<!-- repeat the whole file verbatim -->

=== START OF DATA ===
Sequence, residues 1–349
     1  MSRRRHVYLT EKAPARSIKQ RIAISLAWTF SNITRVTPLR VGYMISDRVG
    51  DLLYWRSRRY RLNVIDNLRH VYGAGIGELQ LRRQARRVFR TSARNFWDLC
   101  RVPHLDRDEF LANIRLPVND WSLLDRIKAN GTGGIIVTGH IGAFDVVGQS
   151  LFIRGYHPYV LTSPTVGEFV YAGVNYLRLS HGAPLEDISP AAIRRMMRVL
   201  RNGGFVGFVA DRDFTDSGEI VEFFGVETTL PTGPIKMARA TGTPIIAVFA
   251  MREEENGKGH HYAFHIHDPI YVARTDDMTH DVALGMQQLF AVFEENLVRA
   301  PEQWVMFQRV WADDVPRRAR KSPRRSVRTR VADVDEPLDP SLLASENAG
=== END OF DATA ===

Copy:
Sequence, residues 1–349
     1  MSRRRHVYLT EKAPARSIKQ RIAISLAWTF SNITRVTPLR VGYMISDRVG
    51  DLLYWRSRRY RLNVIDNLRH VYGAGIGELQ LRRQARRVFR TSARNFWDLC
   101  RVPHLDRDEF LANIRLPVND WSLLDRIKAN GTGGIIVTGH IGAFDVVGQS
   151  LFIRGYHPYV LTSPTVGEFV YAGVNYLRLS HGAPLEDISP AAIRRMMRVL
   201  RNGGFVGFVA DRDFTDSGEI VEFFGVETTL PTGPIKMARA TGTPIIAVFA
   251  MREEENGKGH HYAFHIHDPI YVARTDDMTH DVALGMQQLF AVFEENLVRA
   301  PEQWVMFQRV WADDVPRRAR KSPRRSVRTR VADVDEPLDP SLLASENAG